ROMANS: Here's the photo he tweeted of 17 cans of beans, seven yams, two bags of frozen vegetables, two apples that will be his food for the week.

And I'd just like to add a point here, because a lot of times people try to do this to prove a point, I guess, to live on SNAP, which is Supplemental Nutritional Assistance Program. It's not meant to be your only calorie intake source.

SAMBOLIN: Supplemental is the key.

ROMANS: The government designs it so this is on top of what little money you might have, food pantries, soup kitchens. Some people are getting meals quite frankly in schools and the like, like kids are getting, you know, two meals a day in schools.

SAMBOLIN: Right, right. ROMANS: It's meant for a family to be supplemental and it's never designed.

SAMBOLIN: To totally survive on it, yes.

ROMANS: To be the only thing to survive.

Then, if you're going to survive on it, then you have to discuss as a country are we -- are taxpayers going to pay for every calorie somebody consumes? Are we going to completely support people? It's 46 million people are getting food stamps.

SAMBOLIN: A whole other argument.

ROMANS: A whole other argument, right.

SAMBOLIN: All right. It is 35 minutes past the hour.

Two police officers and a few Good Samaritans are being called heroes after they saved a woman and her 2-year-old daughter from being crushed to death. It happened just two minutes away from the movie theater in Aurora, Colorado, where a gunman opened fire killing 12 and injuring dozens, just five months ago.

Kipinga Muanza Kalala was crossing a major road with her twin sons while holding her 2-year-old daughter in her arms when she was struck by a vehicle. If that weren't bad enough, she and her daughter were trapped underneath the car. Thankfully, two officers and a few bystanders came to their aid. Listen to the police scanner.


UNIDENTIFIED MALE: We just lifted the car off her. I'm not sure what her status is yet.


SAMBOLIN: That's right. They lifted a car off of her. The mother and daughter are still in the hospital but they are said to be recovering.

So I am joined now by Sergeant Jon Kessler and Sergeant Matt Brukbacher, both of the Aurora Police Department. They were the two policemen who came to this family's aid.

Congratulations, gentlemen. You are both heroes in everybody's book. Although I know that's difficult for you to digest this morning.

So, Sergeant Kessler, I am going to begin with you. You were actually off duty. You were working at a Wal-Mart. I understand that is behind this street at the time of the accident.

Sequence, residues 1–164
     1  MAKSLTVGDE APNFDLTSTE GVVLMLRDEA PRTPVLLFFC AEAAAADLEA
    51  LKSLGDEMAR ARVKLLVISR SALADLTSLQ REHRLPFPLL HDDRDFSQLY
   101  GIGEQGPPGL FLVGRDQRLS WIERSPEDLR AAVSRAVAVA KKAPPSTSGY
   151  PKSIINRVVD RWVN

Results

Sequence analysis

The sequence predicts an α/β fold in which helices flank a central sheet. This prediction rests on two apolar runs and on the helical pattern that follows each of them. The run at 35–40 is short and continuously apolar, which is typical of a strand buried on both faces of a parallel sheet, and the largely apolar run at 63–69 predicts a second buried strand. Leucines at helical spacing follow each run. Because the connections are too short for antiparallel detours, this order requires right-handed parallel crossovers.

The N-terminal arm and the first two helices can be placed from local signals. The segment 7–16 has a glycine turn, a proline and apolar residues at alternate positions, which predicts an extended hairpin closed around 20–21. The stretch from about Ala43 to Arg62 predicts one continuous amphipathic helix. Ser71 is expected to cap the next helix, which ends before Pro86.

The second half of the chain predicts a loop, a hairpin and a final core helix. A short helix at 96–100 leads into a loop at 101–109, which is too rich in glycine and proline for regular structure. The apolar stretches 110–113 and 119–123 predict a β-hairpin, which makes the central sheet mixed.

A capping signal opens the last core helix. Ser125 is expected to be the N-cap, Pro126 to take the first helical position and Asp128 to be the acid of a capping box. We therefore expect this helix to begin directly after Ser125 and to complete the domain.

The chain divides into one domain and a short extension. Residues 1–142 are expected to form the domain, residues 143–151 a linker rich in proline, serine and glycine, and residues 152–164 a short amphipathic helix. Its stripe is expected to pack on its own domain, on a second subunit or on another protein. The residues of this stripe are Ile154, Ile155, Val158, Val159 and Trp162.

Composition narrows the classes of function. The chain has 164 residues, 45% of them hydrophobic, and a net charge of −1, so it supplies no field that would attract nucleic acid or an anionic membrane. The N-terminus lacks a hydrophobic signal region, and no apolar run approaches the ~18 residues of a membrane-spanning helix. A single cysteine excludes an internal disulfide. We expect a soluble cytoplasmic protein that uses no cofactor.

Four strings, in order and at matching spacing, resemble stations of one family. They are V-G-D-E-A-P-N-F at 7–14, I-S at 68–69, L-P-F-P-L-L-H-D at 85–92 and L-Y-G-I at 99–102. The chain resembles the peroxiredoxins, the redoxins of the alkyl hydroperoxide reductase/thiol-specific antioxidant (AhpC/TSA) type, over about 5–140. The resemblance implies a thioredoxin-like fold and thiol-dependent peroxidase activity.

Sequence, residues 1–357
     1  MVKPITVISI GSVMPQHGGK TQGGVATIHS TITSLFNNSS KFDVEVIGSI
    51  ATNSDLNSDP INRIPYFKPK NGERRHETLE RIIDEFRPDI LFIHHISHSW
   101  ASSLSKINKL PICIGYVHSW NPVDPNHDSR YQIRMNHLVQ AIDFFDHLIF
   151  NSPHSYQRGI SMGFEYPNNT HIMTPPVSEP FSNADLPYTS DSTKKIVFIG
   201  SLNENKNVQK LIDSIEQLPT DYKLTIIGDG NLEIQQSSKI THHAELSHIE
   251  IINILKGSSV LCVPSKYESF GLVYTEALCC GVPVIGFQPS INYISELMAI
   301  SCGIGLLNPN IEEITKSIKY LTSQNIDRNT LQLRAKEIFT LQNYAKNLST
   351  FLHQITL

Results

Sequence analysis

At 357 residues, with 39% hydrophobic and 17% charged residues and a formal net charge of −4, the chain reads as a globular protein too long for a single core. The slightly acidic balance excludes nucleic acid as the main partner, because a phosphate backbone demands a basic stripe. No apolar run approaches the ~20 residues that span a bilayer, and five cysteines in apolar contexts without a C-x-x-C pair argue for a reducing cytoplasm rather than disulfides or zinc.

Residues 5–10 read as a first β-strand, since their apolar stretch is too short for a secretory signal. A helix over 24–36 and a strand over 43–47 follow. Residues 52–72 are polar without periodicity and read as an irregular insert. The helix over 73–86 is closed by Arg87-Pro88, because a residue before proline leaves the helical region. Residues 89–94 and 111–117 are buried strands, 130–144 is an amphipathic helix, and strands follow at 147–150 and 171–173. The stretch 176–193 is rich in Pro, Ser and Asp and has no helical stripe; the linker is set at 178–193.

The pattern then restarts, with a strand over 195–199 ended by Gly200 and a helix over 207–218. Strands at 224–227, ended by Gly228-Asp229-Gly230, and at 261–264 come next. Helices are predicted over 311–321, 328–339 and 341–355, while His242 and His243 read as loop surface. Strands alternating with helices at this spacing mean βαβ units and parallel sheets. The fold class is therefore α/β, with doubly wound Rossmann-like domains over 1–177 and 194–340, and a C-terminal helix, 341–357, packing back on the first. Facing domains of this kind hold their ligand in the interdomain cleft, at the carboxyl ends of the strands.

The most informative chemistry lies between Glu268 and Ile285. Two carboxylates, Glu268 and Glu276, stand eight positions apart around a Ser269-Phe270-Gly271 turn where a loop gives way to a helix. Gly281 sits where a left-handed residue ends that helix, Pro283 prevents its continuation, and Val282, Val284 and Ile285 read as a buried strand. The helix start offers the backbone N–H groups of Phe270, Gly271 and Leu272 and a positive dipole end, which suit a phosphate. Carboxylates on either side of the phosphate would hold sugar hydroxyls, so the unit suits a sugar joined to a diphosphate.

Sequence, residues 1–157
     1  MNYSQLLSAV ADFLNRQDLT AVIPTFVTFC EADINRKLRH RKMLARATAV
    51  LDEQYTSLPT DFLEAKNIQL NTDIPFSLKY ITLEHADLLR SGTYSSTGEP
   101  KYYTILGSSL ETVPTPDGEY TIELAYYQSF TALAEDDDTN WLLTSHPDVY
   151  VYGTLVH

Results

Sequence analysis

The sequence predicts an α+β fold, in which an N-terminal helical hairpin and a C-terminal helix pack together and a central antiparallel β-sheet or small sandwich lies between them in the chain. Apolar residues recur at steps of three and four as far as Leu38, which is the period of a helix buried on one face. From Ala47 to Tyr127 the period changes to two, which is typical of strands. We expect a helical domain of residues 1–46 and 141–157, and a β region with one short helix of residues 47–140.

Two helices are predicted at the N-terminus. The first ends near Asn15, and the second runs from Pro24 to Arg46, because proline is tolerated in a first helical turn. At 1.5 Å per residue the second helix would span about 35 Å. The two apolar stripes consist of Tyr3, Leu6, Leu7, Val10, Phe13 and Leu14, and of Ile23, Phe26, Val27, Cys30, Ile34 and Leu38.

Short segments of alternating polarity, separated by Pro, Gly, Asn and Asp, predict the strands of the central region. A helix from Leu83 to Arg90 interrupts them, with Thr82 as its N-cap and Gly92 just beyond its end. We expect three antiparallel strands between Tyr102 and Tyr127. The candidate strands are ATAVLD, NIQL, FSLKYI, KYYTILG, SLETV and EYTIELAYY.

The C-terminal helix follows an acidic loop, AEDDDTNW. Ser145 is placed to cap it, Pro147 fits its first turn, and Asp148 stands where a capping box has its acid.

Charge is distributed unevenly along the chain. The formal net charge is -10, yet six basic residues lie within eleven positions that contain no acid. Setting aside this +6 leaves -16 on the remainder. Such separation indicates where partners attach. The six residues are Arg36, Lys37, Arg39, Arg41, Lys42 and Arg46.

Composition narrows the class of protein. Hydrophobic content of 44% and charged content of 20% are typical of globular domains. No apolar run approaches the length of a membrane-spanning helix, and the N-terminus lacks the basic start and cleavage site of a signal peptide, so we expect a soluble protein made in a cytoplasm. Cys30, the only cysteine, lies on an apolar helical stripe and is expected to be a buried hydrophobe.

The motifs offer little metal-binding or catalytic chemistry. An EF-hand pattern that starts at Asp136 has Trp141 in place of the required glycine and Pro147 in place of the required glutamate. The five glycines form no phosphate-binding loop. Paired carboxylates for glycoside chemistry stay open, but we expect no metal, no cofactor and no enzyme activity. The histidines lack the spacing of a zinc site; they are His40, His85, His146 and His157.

Can you describe to me how you found out and what happened?

SGT. JON KESSLER, AURORA POLICE DEPARTMENT: Well, while I was working the police radio dispatched out an accident involving a pedestrian nearby and I walked outside to see if I could see what was going on and a lady came up running to me and said there's a lady pinned under a car and pointing back towards the street or the parking lot. So, I ran down and found the lady underneath the car in the street.

SAMBOLIN: And Sergeant Brukbacher, how did you get involved? What happened?

MATT BRUKBACHER, AURORA POLICE DEPARTMENT: I was a patrol supervisor and heard the dispatch call and responded. And I was only a couple blocks away so I got there fairly quickly. And saw Sergeant Kessler attending to the victims when I arrived on scene.

SAMBOLIN: So, when you got there, the victims were still pinned underneath the car. Is that right?


SAMBOLIN: And so what happened then?

BRUKBACHER: Sergeant Kessler was still working with the victims trying to get them out, but they were definitely trapped under the car. And because of their position I didn't think we had any time to waste. So I determined that we're going to just lift the car off of them and be able to get them out so we can try to pace their breathing and keep them alive. So, I began to do that and ask for citizen help. There were quite a few citizens around and people jumped in and it went up very easily.

SAMBOLIN: And what condition were they in when you lifted the car off of them?

KESSLER: Well, the mother was -- she was unconscious at the time. She was on her side. She had her arms wrapped around the little 2- year-old. The little 2-year-old was awake, but we couldn't get her out until the car is lifted because her mom had ahold of her and was pinned underneath the car. So, once the car came up, we were able it to get both of them out.

SAMBOLIN: Sergeant Kessler, you were off duty at the time. You know, a lot of people, you know, when they're working another job they don't get involved. Why did you do that?

KESSLER: Although I was off-duty, I was working in a uniformed capacity, doing security at the Wal-Mart store there, when people came in and said that a lady was pinned I knew I was probably the closest person to there until the guys could arrive.

SAMBOLIN: It's quite an effort to actually lift a car in order to take those people out from underneath. Tell me about the people that were standing by that assisted you. Have you met them? Have you talked to them?